Terrence Robertson-Fall – Thousand Oaks, CA
As a Visual Effects Artist for over a decade, Terrence Robertson-Fall has developed characters for Sony Pictures Imageworks and Sony Pictures Animation starring in films including The Amazing Spiderman 2, Oz The Great and Powerful, The Smurfs, and Alice in Wonderland.
As a young aspiring artist, Star Wars made him so excited about the possibility of creating special effects in a film. But in 1977 it was a fledgling field and without much opportunity. Another new field, personal computers, sparked another passion, and he followed the family tradition of becoming an engineer. Working in the automotive field, yet another new passion, he was instrumental in winning the 1994 Indianapolis 500, developing patents for vehicle based satellite tracking systems, and building internationally exhibited show cars. Still, he retained his interest for special effects in film and the desire to be an artist. When Toy Story was released in 1995, he pursued his long held dream and studied character animation and character rigging in his spare time. He discovered that computer based animation was the perfect match to his artistic and engineering skills. Currently he is a Lead Character Setup/Sr. Technical Animator at Sony Pictures Imageworks. He has developed highly technical rigs like the photo-real wings for the flying monkey in Oz, The Great and Powerful, sculpting hundreds of poses for the bodies and clothes for the Smurfs so they look real as they move through their antics, and many more characters for a number of popular films. After spending years sculpting digital horses, smurfs, dogs, cats, wings and people, Terrence found that he needed to express his own ideas and thoughts in sculptures that could live outside of the big screen, off of the paper, bronzes that could occupy the world with us.
Terrence has taken his creativity and combined it with his love of animals and thrown in a healthy dose of humor and play. Different perspectives help us see ideas in a different way, much the way animated movies do, so the animals in his sculptures often express human emotions and characteristics. Each one is telling a story, just as rich and animated as the characters he created for film. They illustrate positive ideas, adding some magic to our lives.
Speaking of magic, Terrence’s photography is a means of remembering some of his more magical experiences in nature. There are so many wonderful places in the great outdoors to escape from the concrete and steel world we live in day to day. He has been blessed to experience many of them and have managed to capture some of them, ones that created a story in his mind. Stories and characters can be found in trees, rock formations, waterfalls and animals. Sharing these stories and characters with others can uplift and inspire them, creating a greater appreciation for our wild places, and also add beauty to their homes and places of work.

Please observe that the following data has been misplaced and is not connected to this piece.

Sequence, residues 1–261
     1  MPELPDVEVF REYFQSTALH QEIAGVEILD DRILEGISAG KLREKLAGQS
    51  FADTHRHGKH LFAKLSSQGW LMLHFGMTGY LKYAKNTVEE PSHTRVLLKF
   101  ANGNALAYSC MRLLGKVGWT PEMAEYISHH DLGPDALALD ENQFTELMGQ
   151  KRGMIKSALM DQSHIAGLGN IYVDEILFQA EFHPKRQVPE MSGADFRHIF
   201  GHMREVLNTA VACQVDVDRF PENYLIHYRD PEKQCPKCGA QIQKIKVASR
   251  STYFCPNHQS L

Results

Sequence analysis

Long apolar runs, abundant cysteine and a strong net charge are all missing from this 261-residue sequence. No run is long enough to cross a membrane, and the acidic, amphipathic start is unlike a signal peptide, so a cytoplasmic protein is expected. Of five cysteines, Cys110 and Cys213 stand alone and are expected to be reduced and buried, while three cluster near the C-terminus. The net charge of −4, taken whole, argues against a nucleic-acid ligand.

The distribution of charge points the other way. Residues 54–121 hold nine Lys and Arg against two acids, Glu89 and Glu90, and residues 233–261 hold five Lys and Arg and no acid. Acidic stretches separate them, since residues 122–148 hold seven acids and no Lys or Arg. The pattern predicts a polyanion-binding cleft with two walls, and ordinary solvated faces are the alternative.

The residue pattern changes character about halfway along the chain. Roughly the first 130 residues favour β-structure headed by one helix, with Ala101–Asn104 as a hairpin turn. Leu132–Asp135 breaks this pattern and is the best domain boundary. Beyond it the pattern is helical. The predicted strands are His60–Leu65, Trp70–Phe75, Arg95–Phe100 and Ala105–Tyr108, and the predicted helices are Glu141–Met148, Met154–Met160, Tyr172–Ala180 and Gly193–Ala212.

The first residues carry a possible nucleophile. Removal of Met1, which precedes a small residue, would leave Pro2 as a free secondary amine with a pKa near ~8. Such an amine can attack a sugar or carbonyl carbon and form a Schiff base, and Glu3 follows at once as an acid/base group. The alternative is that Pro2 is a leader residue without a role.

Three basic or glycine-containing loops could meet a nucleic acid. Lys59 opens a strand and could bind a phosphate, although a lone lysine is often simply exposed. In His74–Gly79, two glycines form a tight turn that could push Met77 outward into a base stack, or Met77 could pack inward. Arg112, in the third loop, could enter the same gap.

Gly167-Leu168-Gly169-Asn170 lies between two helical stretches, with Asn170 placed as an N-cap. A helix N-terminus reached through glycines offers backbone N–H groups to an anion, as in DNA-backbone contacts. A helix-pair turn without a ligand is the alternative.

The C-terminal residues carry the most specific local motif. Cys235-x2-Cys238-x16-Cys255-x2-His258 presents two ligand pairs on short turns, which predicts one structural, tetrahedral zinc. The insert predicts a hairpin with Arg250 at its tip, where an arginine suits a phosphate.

His various passions, which covers sculpting, drawing, painting, photography, wood-carving, as well as technology and engineering – has kept him busy and going in many different directions. But they all have that common thread – creativity and creating positive stories.
Rebecca Weed – Cody, WY
When I work I am thinking about permanence and impermanence, I am thinking about time and the way we measure it, and I am thinking about what is beautiful.
The beauty is in what we do measure, what we can’t measure and what we forget to measure.
I was raised in a landscape that has been described as bleak, harsh, empty, even ugly*. From the time I was small I took the horizon for granted. A difinitive line where the land overlapped the sky was always in view. When I travel to locations that are filled with trees, buildings, or people that obscure our sense of space and direction I feel claustrophobic.
In this place I grew up an occurance bacame a story: A plane overhead the only thing to briefly break the emptiness and silence. Sitting on the ground next to a pile of sagebrush I felt everything; longing, lonliness, excitement, adventure, the smug security that I was in a place that only one person could occupy at any given time. There was the story. A girl, dirt, and an airplane. This story goes on and on and on.
WIthin this landscape, within America, within an ever-accelerating world, I sense a lack of heroism. There is a lack of signposts that mark our individual time. There is a lack of the archetype, the myth, the importance of prescence. These are human constructs and they may be evolving into other manifestations. They may be no longer useful. They may be right in front of me. Wherever or whatever they are I feel the necessity to mark my time; to celebrate a bit, or mourn, to fall in love.
Kelly Johnston – Seattle, WA
“The act of painting is like life. It is a journey. Each brush stroke informs the next. Each decision made leads us to the next. I’m often surprised by where I end up and that is the best part.
My paintings are about color and space. I am interested in how color and line can be used to create depth of space and movement. I am always on a quest to find tension in a painting and the balance needed to sustain it.
People are all unique and yet also ultimately similar. It is only when we are contrasted with each other that our individuality shines. I believe color acts in a parallel way – it is the interaction of colors that creates their vibrancy. My paintings highlight this vibrancy and the path I take to find it.”